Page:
Charting the Economy assesses the course of Malaya's commodity-dependent economy during the first 40 years of the 20th century under British colonial control, contrasting it with economic growth and development in contemporary Malaysia.
Drawing on archival documents to derive estimates of Malaya's GDP and analysing trends, it breaks new ground in understanding the dynamics of economic performance.
In the first half of the 20th century, most of the Malay Peninsula, like much of Southeast Asia, was under colonial rule. Colonialism facilitated the control of lands, institutions and peoples, as well as the exploitation of natural resources.
Malaya's economy was largely agrarian, supported by two primary commodity pillars - tin and rubber - produced to meet the needs of the industries and people in Europe and North America.
Sultan Nazrin Shah eloquently articulates how the economy rode a commodity roller-coaster. Being small and open, it was exceedingly vulnerable to external shocks - World War I 1914-1929, the Roaring Twenties 1920-1929, and the Great Depression 1929-1932 - which were the main causes of economic booms and busts.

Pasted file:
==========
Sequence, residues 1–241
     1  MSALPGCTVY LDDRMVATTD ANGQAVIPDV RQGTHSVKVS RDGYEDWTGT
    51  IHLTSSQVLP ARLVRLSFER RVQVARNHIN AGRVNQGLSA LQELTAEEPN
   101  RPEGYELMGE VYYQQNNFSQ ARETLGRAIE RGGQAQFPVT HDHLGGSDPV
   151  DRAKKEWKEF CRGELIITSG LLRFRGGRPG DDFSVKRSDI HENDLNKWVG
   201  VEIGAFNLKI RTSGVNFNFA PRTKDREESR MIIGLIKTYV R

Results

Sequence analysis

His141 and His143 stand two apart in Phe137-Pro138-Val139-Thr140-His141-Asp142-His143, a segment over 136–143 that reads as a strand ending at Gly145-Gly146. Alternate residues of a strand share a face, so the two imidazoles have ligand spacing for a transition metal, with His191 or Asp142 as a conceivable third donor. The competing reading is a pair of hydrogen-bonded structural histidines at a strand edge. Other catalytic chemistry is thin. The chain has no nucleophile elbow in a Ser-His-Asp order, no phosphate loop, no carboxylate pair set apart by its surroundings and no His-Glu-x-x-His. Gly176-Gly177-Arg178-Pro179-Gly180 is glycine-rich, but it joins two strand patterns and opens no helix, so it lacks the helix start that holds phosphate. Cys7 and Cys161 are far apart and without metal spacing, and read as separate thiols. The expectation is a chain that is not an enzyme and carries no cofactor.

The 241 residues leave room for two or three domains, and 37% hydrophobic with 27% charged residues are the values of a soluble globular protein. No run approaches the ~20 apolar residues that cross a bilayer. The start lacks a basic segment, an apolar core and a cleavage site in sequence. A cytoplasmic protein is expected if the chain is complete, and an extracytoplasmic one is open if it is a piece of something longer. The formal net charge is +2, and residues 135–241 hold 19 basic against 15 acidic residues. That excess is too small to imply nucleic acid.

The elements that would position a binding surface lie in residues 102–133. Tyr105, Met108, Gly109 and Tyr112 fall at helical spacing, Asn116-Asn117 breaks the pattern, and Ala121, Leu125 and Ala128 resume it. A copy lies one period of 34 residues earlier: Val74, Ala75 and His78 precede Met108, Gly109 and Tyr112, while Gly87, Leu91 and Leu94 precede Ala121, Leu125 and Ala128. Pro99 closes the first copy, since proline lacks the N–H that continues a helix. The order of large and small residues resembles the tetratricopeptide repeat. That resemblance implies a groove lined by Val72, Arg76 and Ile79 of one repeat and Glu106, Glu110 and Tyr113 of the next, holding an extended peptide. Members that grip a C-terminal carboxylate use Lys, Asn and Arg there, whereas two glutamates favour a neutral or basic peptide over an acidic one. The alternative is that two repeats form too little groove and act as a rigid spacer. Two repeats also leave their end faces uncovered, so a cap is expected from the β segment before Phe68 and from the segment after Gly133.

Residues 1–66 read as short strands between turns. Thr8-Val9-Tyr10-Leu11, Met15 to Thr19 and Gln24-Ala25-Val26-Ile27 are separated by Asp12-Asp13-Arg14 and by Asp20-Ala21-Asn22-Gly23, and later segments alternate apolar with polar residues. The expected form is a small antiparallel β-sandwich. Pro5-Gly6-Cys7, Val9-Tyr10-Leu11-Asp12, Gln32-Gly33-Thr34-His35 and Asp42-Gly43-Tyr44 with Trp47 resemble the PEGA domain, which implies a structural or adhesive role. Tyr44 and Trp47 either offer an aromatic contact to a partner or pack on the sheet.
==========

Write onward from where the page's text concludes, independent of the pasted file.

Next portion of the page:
This book makes a compelling case that the colonial laissez-faire economic system worked well for the agency houses that repatriated huge profits but paid small dividends to the masses. Development was highly uneven, with growth and prosperity concentrated in and benefiting the Peninsula's west coast states, where most of the tin mines and rubber plantations were located.
After independence, national control over economic management was accompanied by a long-term vision for a socially just nation. Real GDP growth in post-independence Malaysia brought rapid advances in standards of living.